If you can have the car for an hour, you’ll have a better chance of picking up on things you don’t like.

3) How Does the Vehicle Drive?

You want to get a feel for acceleration, braking, steering, and ride quality, but don’t push too hard on the gas pedal while on public roads!

Check that everything happens smoothly, the engine doesn’t stall or cough, the brakes grip without juddering or grabbing, and the car doesn’t bounce around. You don’t need to be a mechanic to spot when something doesn’t feel right.

4) Listen Carefully for any Odd Noises

While on the test drive, listen carefully. It doesn’t take special training to spot rattles, squeaks, knocks, and grinding sounds, none of which should be there.

If you can drive on the highway, note how noisy the car seems. Performance cars are often quite loud inside (a result of wider tires and a sporty exhaust,) and you might decide it would be too tiring on a long journey.

5) Be on the Lookout for Anything Out of the Ordinary

On some modern vehicles, the blind spots are surprisingly large; make sure you can see out of the car well enough.

Sometimes windshield pillars can make it hard to see traffic at intersections, while high side windows can make it harder to reverse out of a parking space.

Have a good look around to see if you can live with whatever obstacles to visibility (blind spots) you find.

6) Does the Car Fit You and Your Driving Needs?

It’s essential you feel comfortable in the car. If you find your back aching or knees rubbing after 20 minutes, this is probably not a car you’ll enjoy driving.

Conversely, if it seems to fit you like a glove, you may have found the used car for you.

Further Tips and Advice

Further tips and advice about properly test driving a used car:

  • Every used car is unique and stands on its own regarding quality and reliability.
  • Open and close all the doors to ensure they’re firm and there is no loose glass inside. If you do, the vehicle was possibly involved in an accident. Examine the wrinkles around the quarter panels, hood, and trunk lid. Please check that they are straight and equally spaced. This is another indication that the automobile was involved in a fender accident.
  • Get in your car and start it; take a moment to adjust the mirrors, seat, and so on, just like you would in your vehicle. You may now test and manipulate all of the buttons and switches. Check the A/C and heater, listen for grinding, and wait for the A/C motor. Turn on the radio, adjust the level, and inspect the speakers for cracking using the balance/fade switch. Check the CD player and, if applicable, the DVD player. Open the sunroof and check that it closes properly. Check that all of the seatbelts are in good working order.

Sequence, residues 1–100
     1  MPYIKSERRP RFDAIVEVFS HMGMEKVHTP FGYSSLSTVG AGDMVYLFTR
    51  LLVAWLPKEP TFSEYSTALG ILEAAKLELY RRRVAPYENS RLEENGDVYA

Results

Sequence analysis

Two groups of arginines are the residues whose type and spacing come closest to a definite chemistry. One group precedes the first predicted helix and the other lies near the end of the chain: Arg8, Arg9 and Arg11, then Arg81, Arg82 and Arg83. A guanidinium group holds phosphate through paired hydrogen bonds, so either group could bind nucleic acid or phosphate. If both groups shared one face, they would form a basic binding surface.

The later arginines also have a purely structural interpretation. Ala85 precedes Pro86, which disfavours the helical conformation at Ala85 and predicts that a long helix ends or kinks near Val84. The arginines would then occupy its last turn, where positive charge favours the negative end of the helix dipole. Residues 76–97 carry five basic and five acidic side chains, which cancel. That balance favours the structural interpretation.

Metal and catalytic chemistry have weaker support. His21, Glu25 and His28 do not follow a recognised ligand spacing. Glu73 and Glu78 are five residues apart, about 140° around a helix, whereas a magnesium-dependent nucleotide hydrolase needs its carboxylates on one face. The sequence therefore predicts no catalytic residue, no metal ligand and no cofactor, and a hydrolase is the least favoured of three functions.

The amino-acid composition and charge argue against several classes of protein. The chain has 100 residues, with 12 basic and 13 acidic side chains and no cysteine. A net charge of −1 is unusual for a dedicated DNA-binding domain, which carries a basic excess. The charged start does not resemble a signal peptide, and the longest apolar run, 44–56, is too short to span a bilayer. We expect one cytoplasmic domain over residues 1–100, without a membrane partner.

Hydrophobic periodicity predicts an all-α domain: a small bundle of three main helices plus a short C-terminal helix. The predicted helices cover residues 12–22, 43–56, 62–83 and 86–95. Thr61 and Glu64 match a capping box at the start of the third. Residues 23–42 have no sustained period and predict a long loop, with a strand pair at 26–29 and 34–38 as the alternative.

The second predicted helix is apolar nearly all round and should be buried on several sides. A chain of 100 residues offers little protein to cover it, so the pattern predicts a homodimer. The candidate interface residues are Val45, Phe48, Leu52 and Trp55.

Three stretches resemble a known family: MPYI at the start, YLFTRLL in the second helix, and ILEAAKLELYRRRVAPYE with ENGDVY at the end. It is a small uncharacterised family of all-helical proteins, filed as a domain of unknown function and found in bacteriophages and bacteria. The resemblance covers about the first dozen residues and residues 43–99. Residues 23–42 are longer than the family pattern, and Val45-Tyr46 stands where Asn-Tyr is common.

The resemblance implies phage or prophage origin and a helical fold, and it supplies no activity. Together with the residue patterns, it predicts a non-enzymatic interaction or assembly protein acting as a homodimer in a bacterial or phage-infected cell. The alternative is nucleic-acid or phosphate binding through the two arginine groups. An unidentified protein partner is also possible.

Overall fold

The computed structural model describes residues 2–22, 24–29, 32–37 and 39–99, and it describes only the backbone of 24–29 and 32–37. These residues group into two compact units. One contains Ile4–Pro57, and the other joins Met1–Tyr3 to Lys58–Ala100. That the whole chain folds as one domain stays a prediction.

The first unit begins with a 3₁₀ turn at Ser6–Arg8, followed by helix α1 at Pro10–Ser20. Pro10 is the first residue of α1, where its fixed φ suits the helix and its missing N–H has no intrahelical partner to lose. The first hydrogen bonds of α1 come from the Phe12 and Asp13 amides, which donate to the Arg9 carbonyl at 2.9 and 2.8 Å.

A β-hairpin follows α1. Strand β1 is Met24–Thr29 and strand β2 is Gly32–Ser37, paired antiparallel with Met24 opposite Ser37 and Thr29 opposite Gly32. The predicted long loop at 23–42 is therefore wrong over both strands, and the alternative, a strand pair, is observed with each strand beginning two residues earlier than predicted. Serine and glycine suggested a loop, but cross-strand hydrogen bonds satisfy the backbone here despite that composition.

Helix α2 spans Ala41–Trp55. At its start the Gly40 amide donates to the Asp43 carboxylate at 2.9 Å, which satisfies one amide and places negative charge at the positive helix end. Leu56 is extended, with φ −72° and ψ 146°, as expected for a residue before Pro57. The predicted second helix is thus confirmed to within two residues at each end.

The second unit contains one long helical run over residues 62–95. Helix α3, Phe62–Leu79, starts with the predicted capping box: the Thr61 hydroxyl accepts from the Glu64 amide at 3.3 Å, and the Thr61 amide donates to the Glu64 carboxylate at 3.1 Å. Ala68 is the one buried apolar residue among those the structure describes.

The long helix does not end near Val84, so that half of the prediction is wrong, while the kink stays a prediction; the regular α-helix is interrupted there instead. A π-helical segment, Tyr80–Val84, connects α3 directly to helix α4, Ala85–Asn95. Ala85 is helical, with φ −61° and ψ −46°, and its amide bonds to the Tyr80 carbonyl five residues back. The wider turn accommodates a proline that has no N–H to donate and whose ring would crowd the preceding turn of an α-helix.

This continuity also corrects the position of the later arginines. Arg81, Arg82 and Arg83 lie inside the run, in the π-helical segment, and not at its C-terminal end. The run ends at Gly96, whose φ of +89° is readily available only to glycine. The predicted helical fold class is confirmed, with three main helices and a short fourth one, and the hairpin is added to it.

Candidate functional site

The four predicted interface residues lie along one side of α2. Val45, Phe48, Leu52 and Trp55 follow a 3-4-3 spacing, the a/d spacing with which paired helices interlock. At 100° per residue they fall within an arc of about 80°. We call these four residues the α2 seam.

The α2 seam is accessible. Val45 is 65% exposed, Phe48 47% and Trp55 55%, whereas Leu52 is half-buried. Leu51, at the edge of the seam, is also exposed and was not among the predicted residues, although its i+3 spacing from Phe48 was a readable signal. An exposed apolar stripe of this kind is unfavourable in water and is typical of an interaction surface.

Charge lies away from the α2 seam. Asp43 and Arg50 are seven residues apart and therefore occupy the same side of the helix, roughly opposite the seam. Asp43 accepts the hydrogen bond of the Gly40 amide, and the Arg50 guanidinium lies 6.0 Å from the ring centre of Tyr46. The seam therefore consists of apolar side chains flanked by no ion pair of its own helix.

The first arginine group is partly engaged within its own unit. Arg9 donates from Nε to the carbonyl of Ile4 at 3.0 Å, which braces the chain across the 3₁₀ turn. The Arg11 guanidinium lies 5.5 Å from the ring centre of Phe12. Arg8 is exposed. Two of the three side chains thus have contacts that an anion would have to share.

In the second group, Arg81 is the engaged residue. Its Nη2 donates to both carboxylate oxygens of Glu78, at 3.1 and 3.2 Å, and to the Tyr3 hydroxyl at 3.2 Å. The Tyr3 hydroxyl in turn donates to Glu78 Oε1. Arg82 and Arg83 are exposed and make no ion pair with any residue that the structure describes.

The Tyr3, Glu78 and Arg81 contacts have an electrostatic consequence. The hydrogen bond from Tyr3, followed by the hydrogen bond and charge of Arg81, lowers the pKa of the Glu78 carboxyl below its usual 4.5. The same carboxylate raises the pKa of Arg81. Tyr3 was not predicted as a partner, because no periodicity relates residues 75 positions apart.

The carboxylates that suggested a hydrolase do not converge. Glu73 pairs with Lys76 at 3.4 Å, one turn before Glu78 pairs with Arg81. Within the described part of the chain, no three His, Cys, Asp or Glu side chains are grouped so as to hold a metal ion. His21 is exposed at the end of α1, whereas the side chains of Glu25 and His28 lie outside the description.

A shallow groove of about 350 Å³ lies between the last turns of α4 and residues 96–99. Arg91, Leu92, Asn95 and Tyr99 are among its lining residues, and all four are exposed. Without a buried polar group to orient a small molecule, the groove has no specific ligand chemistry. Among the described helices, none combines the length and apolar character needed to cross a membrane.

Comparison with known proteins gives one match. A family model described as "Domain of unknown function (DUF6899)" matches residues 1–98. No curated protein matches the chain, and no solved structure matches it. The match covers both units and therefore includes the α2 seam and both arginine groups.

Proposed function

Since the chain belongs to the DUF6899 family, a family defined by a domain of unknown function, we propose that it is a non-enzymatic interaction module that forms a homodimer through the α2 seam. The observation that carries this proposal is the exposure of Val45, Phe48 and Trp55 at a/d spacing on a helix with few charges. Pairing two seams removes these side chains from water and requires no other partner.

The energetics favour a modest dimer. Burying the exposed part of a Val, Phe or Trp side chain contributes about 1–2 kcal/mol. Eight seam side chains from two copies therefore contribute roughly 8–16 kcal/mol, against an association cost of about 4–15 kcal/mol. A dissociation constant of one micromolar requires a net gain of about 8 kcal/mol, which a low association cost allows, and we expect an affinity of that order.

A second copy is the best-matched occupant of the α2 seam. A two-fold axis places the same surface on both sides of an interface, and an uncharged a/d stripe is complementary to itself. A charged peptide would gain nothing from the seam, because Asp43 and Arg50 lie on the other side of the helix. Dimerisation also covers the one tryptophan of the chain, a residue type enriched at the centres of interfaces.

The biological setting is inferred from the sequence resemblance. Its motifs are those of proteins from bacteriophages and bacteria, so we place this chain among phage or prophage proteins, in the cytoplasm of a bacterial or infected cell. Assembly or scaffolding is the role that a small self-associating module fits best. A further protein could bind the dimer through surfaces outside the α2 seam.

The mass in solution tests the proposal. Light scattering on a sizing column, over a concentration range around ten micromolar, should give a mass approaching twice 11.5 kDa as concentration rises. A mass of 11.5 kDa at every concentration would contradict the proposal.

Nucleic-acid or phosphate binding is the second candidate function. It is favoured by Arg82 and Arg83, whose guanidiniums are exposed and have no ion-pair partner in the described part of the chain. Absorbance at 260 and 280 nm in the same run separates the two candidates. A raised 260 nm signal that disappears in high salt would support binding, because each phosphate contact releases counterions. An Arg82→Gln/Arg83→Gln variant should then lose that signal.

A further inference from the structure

• After reviewing the vehicle’s features, go for an extended test drive. Check the brakes as soon as possible before hitting the main routes. Allow the car to warm up before driving in as many different driving circumstances as possible, including highways, main roads, stop-and-go traffic, bumpy roads, gravel, and so on.
  • Turn down the radio so you can hear what’s happening in the car. The car should shift smoothly and without jerking or jumping. Check the automobile’s alignment, particularly on a long bridge, to check if it pulls to the left or right. Check headlights, brake lights, backup lights, and turn signals at a shopping area where you can see your reflection.
  • When buying a used car, the two most important things you can do to protect yourself from making a mistake are:
    • Have the vehicle inspected by an independent certified mechanic.
    • Acquire and review a used car vehicle history report.
  • A mechanic will put the car on a lift and inspect the cosmetic and mechanical systems of the vehicle. The history report will disclose any discrepancies in the vehicle’s title history to guarantee you’re purchasing a clean, reliable, used car.

Decision Time

When you finish the test drive, it’s time to make up your mind. Either it’s not the car for you, in which case you tell the seller or salesman and walk away, or you start negotiating.

If the latter, it’s time to bring up those problems you noticed during the test drive and see if you can get the price lowered or any necessary work done.

About the author
Carlton Wolf is the author and founder of Auto Cheat Sheet.My name is Carlton Wolf, and I’ve been in the car business since 1994, both retail and wholesale. I created the Auto Cheat Sheet to better educate buyers about the deceptive sales practices many dealerships use nationwide. Please understand that not all car dealers are dishonest. However, you never know who you’ll be dealing with, though. I’m willing to share my knowledge and experience with anyone who listens. Keep in mind that I’m a car guy, not a writer.